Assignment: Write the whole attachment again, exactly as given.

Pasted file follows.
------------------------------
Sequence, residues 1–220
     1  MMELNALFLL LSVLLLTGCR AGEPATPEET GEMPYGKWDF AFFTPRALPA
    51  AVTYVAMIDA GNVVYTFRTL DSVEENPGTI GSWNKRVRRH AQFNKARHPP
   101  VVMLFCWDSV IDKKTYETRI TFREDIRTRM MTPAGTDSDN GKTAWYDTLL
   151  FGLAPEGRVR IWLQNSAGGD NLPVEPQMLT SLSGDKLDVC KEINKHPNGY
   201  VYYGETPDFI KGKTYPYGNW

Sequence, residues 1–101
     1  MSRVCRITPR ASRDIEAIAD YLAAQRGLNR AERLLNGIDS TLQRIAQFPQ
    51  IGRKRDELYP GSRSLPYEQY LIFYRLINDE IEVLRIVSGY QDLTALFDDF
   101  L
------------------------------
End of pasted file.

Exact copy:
Sequence, residues 1–220
     1  MMELNALFLL LSVLLLTGCR AGEPATPEET GEMPYGKWDF AFFTPRALPA
    51  AVTYVAMIDA GNVVYTFRTL DSVEENPGTI GSWNKRVRRH AQFNKARHPP
   101  VVMLFCWDSV IDKKTYETRI TFREDIRTRM MTPAGTDSDN GKTAWYDTLL
   151  FGLAPEGRVR IWLQNSAGGD NLPVEPQMLT SLSGDKLDVC KEINKHPNGY
   201  VYYGETPDFI KGKTYPYGNW

Sequence, residues 1–101
     1  MSRVCRITPR ASRDIEAIAD YLAAQRGLNR AERLLNGIDS TLQRIAQFPQ
    51  IGRKRDELYP GSRSLPYEQY LIFYRLINDE IEVLRIVSGY QDLTALFDDF
   101  L